Words by: Maggie Beake
The precision and perfection in every action of a true Japanese bartender has become an art form to be watched by the rest of the world.
In the milieu of highly crafted mixology, the art of Japanese bartending has greatly influenced many other styles. Most probably by its unparalleled attention to detail and finely tuned techniques, as much as by the development of more elegant products and sophisticated bar tools.
This is surely the case of Brazilian Rogerio Igarashi Vaz. Of Japanese stock, he has been living in Japan now for 23 years and mixing drinks in Tokyo for over 15 years. From learning his craft in Tokyo - and being eager to know more - Rogerio has also been guest bartender in Brazil, London, Hong Kong and Moscow.
Co-founder and Chief Bartender of Bar Tram and Bar Trench in Japan, the latter of which was chosen as one of the World's 100 Best Bars in 2014, Rogerio incorporates some South American vibe into his drinks - creating an enticing blend of East and West.
He explains, "Japan has a strong cocktail base with its own styles and techniques. And the majority of proper cocktail bars can be quite formal. My mission is to make cocktails as sociable as possible and approachable to everyone by showing Japanese customers the FUN of cocktail drinking."
He introduces the fun part of cocktails by twisting old world cocktails into re-imagined modern versions, sometimes using unlikely ingredients - such as bacon and seaweed.
Commenting on the latest trends in Japan, Rogerio says, "Not so long ago we could see garnishes going crazy, not only in size but in creativity as well. It was part of the fun. But, now more and more I can see that garnishes are getting smaller and smaller or there's even a trend towards 'no garnish'. Nowadays, the bars are focusing much more on the serve inside the glass than the presentation outside the glass."
As with all Japanese bars, there are no large venues such as we find in Western countries - usually these are small bars tucked away discretely down side streets. And, true to the genre, Rogerio's Bar Trench is located in a small back alley in the Ebisu area of Tokyo alongside its sister venue, the Bar Tram.
The two bars are the only dedicated absinthe and whiskey bars in Tokyo. The interior of both places were inspired by the American 1920's - the era of the speakeasy complete with dim lighting and suitable music. And, to add to the magic, the atmosphere is further enhanced by bartenders immaculately dressed in uniforms from that era.
Rogerio is a devoted absinthe aficionado, and he sees his mission is to educate and illuminate others about 'la fée verte' (the green fairy). Therefore, his bars have an impressive selection of absinthe from over ten countries around the world. And to add to the mystique - they are served the traditional way with absinthe fountains, spoons and other accoutrements.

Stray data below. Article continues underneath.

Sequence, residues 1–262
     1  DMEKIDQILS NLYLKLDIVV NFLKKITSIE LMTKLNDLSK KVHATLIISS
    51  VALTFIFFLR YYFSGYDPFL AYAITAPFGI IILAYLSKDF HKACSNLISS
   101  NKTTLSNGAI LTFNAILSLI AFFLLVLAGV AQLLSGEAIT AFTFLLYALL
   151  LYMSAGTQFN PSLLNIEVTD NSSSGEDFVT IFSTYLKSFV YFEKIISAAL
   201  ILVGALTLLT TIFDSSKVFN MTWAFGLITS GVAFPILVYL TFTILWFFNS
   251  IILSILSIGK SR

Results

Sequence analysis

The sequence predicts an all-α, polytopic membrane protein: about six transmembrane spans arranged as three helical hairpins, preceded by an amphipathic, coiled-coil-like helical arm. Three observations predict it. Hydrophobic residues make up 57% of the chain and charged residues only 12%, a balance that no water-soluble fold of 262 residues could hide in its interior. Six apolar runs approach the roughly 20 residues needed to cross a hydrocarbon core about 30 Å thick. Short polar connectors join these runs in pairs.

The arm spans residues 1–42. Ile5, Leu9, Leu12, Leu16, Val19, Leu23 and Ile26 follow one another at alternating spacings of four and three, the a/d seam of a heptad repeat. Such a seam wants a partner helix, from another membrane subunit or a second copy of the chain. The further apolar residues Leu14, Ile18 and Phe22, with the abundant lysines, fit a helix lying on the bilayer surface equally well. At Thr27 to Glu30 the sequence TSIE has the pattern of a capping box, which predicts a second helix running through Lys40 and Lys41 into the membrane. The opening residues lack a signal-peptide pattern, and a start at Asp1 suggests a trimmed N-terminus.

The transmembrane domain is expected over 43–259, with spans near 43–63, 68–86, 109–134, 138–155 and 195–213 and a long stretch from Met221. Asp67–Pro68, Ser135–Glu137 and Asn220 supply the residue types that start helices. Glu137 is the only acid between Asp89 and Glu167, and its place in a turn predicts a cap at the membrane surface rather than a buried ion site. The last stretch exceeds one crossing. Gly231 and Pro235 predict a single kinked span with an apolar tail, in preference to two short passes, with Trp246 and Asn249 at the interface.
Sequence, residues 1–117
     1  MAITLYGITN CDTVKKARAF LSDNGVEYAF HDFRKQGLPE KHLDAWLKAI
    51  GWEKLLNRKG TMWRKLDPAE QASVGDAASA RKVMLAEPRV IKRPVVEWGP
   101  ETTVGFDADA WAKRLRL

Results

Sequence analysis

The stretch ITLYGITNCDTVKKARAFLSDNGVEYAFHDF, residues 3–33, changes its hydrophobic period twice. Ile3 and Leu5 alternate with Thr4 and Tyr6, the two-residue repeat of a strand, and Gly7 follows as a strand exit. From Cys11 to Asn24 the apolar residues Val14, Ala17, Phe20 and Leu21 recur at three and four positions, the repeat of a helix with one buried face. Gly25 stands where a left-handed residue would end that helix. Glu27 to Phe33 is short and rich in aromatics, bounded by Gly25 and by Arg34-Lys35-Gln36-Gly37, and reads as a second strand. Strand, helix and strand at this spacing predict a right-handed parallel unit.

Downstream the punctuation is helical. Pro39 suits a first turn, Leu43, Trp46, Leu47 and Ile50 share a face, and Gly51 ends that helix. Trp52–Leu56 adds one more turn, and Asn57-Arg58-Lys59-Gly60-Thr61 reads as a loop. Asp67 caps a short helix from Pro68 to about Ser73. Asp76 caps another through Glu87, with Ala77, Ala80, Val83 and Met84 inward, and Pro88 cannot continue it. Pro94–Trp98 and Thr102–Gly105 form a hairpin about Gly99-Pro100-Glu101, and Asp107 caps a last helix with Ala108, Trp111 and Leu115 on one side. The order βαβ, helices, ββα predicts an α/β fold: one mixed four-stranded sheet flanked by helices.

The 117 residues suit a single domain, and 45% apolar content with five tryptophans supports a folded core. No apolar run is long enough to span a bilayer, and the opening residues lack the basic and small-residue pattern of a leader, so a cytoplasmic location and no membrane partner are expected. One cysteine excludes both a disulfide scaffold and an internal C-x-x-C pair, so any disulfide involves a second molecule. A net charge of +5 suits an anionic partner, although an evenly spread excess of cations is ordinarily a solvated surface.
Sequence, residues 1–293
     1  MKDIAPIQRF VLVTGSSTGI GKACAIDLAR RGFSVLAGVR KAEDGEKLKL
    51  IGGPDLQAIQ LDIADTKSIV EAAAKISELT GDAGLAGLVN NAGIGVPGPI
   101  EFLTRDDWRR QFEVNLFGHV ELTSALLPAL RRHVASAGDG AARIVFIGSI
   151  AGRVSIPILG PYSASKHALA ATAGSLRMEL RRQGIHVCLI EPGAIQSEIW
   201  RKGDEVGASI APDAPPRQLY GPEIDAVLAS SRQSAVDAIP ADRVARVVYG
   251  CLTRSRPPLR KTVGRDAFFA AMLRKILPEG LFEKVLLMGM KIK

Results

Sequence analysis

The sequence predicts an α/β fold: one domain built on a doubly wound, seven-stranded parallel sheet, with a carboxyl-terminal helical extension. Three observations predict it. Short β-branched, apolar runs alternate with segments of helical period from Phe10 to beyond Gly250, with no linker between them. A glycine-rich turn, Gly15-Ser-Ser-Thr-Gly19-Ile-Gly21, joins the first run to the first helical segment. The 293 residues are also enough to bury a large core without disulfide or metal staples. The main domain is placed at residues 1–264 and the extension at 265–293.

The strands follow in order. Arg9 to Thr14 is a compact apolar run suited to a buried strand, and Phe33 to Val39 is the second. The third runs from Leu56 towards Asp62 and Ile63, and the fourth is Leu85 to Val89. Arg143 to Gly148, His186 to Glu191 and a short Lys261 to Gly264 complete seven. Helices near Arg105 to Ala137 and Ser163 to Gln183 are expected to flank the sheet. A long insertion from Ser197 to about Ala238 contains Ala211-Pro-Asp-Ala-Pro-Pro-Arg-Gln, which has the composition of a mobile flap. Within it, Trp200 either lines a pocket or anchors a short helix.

He says, "Bar Trench has been a retreat not only for Tokyo locals but also for cocktail lovers from all over the globe since it opened in 2010. Even though Trench is known for its absinthe, on the menu you can find cocktails for all tastes."
The drinks menu is expansive with both original and American inspired cocktails; and a whisky list that is on par or better than many American bars. The bartenders are well versed in all standard cocktails and will create concoctions to suit or enhance a customer's preferences.
To celebrate Cherry Heering's 200th anniversary, Rogerio says his cocktail 'End That Didn't End' - was inspired by the year 1999.
"1999 was the year the World was predicted to end by Nostradamus, many preachers and cult leaders around the world including The Amazing Criswell and Kabbalah Centre's Phillip Berg - and even my mom predicted the end of the world."
Revealing also, "It was the year that the Euro was established; and also the year a total solar eclipse occurred in August. The Power Mac G4 was released then. And Bill Gates became the wealthiest man on earth and the sci-fi film Matrix was showing in movie theatres. It seemed as if the Future and the End were all happening together within the same year!"
To bring a sense of the Japanese cocktail culture from that period, he says, "In the 90's in Japan, creamy cocktails were the ongoing trend. My idea is to bring a little essence of the 90's by using ice cream and the fruity and nutty tastes of Heering together with the latest trendy spirit, Mezcal into the mix - based on Harry Craddock's 1930's White Cargo cocktail."
Adding, he says, "Cherry Heering was the first product to be imported by Suntory in 1899. So, it is more than 100 years that Cherry Heering has been around the bars of Japan. One of the few Japanese cocktails that became well known outside of Japan then is the Cherry Blossom cocktail (brandy, Cherry Heering, orange curaçao, lemon, grenadine). The drink was invented by Tao Tazaburo, owner of the Paris Bar in Yokohama in the 1920's. This recipe also appears in the Savoy Cocktail Book."
Garnish: Grated nutmeg
Method: Blend all ingredients with a small scoop of crushed ice and fine strain into chilled glass.
30ml Mezcal Vida
15ml Noilly Prat
15ml Cherry Heering
1 scoop Vanilla ice-cream